Nurses make an impact in people's lives in a variety of ways, and an aesthetic or cosmetic nurse is no exception. You'd be assisting individuals with non-invasive, in-office procedures like injectables and skincare treatments in this professional path.
Plastic surgeons and cosmetic dermatologists frequently enlist the assistance of aesthetic nurses, who provide pre- and post-operative treatment as well as patient care under the supervision of a physician.
Registered nurses who work as aesthetic/cosmetic nurses provide a wide range of treatments. Dermal filler and Botox neurotoxic injections, photofacials, dermabrasion, micro-needling, tattoo removal, and non-surgical body sculpting are some of the options.
In employment descriptions and job advertising, some businesses use the variant spelling "esthetic nurse" or "esthetician's nurse." The conventional spelling of "aesthetic nurse" is used in this handbook.
Cosmetic nurses operate in private clinics or medical spas that are associated with plastic surgery or cosmetic dermatology services. Cosmetic nurses work with a diverse group of patients who want to improve their looks and self-esteem.
The majority of patients seeking this type of therapy are women, but men are increasingly seeking it as well, boosting demand for medical aesthetics operations.
Tasks and Responsibilities
Plastic surgeons and dermatologists use aesthetic/cosmetic nurses to assist them with cosmetic operations. These medical operations, whether invasive or non-invasive, are frequently performed to improve the look of patients.
Patients seek therapy for medical reasons in some circumstances; in others, the operations might give them more confidence and a younger appearance.
Aesthetic/cosmetic nurses' job tasks might include the following, whether they work full-time or part-time:
Prior to providing services, patients are consulted, which includes scheduling, interviewing, and medical screening.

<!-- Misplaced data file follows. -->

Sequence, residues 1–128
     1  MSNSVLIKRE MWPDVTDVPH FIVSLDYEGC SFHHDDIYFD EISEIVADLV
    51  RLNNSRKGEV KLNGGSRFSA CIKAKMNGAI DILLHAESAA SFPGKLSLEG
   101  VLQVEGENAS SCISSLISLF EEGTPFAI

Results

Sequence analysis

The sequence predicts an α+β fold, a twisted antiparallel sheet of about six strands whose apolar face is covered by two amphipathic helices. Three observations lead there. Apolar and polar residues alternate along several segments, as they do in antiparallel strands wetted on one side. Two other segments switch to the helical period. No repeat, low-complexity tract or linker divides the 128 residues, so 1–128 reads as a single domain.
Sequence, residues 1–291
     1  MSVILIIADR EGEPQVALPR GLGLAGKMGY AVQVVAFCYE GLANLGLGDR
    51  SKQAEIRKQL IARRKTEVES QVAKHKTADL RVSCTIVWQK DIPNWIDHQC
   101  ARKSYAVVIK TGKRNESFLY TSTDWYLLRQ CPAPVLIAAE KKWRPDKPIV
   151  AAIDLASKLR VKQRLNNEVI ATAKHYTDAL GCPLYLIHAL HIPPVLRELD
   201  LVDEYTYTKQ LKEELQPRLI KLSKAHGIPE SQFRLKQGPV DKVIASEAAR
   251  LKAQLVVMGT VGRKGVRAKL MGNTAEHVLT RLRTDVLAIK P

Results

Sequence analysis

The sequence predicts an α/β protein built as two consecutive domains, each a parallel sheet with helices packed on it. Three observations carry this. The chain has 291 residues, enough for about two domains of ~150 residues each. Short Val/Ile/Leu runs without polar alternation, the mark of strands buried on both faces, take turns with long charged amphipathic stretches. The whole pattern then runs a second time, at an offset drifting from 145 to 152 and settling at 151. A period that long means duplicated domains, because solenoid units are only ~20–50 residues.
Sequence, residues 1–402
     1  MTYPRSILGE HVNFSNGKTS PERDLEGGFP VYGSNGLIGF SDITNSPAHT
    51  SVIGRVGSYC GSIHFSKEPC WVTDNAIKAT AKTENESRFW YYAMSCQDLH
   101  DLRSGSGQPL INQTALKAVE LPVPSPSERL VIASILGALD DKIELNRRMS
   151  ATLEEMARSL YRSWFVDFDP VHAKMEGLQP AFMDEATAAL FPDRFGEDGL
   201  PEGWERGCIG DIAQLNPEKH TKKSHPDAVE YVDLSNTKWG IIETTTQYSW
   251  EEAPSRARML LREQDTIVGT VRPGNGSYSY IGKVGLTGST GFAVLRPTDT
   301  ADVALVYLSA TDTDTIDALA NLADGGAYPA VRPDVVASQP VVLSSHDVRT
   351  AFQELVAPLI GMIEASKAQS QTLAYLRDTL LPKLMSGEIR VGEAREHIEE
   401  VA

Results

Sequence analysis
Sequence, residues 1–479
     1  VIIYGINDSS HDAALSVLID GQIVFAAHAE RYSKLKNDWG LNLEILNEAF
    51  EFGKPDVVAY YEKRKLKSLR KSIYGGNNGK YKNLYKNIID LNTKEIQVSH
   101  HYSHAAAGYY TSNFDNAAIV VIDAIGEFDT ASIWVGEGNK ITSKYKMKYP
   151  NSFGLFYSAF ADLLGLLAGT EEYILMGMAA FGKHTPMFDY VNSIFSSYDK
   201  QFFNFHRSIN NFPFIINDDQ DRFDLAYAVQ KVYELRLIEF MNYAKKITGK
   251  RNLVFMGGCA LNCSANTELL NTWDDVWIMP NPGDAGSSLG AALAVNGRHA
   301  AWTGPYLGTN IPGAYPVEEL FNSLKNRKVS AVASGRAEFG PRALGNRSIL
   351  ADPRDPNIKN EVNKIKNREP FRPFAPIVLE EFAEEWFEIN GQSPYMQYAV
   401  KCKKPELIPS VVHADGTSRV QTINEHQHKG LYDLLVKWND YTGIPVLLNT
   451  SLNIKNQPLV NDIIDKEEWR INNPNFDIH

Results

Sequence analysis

Skin examination to detect aging and other health issues.
Pre-operative and post-operative care are provided.
Helping the doctor with treatments and operations.
Instruments and surgery suites are prepared and sterilized.
Botox and filler injections, chemical peels, laser hair removal, dermabrasion, CoolSculpting, tattoo removal, and more procedures are all available.
Work Locations and Schedules
Aesthetic nurses work in dermatology and plastic surgery offices, as well as medspas and hospital operating rooms. Although unexpected emergencies and severe reactions to treatments sometimes disrupt surgical nurses' schedules, aesthetic nurses generally work normal hours and do not perform night shifts.
Aesthetic nurses can create long-term connections with patients who return for maintenance of existing treatments or to study further therapies, in addition to working in an atmosphere committed to enhancing patient quality of life.
Nurses who work in medical aesthetics can see the results of their treatments and witness patients' increased confidence as a result of accomplishing their cosmetic goals.
Aesthetic/cosmetic nurses' pay varies depending on their education, qualification, experience, and where they work in the country.
According to the Bureau of Labor Statistics, registered nurses will earn an average annual income of $75,330 in 2020. While the BLS does not expressly publish on salary for aesthetic nurses, ZipRecruiter estimates that the average annual compensation for a cosmetic nurse is $85,621, with some making as much as $124,000, and the middle 25th percentile of the country ranging from $69,000 to $99,500.
Cosmetic nurses with more experience in their specialty, along with most other patient care professions, are paid the most. Additional benefits like paid vacation and sick leave, health, dental, and vision insurance plans, and prescription drug coverage are frequently added to pay.
How to Become an Aesthetic Nurse
Step 1. Earn Your Registered Nurse Degree
Step 2. Pass the NCLEX-RN